Green Worlds of Renaissance Venice
By (author) Jodi Cranston
Publication date:04 March 2019
Length of book:228 pages
PublisherPenn State University Press
From celebrated gardens in private villas to the paintings and sculptures that adorned palace interiors, Venetians in the sixteenth century conceived of their marine city as dotted with actual and imaginary green spaces. This volume examines how and why this pastoral vision of Venice developed.
Drawing on a variety of primary sources ranging from visual art to literary texts, performances, and urban plans, Jodi Cranston shows how Venetians lived the pastoral in urban Venice. She describes how they created green spaces and enacted pastoral situations through poetic conversations and theatrical performances in lagoon gardens; discusses the island utopias found, invented, and mapped in distant seas; and explores the visual art that facilitated the experience of inhabiting verdant landscapes. Though the greening of Venice was relatively short lived, Cranston shows how the phenomenon had a lasting impact on how other cities, including Paris and London, developed their self-images and how later writers and artists understood and adapted the pastoral mode.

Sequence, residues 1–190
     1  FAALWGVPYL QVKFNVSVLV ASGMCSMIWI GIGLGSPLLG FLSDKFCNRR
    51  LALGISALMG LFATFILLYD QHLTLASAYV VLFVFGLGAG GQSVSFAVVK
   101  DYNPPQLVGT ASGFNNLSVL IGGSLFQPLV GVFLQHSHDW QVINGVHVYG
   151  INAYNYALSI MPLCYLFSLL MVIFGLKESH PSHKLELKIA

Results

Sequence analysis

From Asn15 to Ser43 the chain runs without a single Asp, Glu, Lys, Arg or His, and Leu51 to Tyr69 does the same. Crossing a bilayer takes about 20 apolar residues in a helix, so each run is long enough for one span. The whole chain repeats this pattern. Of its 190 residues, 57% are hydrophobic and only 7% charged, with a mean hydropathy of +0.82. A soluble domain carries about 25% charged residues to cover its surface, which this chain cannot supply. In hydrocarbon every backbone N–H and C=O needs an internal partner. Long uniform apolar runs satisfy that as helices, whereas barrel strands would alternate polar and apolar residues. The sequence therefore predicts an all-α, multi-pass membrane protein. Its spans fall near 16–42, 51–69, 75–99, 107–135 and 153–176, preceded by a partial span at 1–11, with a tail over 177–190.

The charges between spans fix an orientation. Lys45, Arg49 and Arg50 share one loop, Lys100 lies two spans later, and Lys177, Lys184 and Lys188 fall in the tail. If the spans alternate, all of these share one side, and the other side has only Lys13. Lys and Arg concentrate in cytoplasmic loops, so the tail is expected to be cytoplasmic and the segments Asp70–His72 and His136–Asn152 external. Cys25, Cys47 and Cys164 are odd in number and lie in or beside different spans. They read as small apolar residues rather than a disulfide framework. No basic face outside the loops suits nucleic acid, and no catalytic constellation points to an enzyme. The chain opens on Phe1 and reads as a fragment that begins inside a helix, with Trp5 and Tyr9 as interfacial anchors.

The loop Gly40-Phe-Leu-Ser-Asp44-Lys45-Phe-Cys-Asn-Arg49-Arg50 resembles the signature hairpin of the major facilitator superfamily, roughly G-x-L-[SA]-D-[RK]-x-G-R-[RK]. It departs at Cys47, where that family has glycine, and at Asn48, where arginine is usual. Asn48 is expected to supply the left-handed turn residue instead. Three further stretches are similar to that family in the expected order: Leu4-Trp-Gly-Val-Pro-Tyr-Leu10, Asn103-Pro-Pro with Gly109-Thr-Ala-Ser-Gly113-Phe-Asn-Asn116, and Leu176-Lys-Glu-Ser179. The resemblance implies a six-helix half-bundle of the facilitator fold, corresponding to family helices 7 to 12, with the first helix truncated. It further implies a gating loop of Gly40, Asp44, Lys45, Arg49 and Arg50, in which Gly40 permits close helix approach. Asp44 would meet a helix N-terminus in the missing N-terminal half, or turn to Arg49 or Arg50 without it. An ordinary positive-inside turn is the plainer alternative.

Incorporating approaches from eco-criticism and anthropology, Green Worlds of Renaissance Venice greatly informs our understanding of the origins and development of the pastoral in art history and literature as well as the culture of sixteenth-century Venice. It will appeal to scholars and enthusiasts of sixteenth-century history and culture, the history of urban landscapes, and Italian art.
—John Dixon Hunt, author of A World of Gardens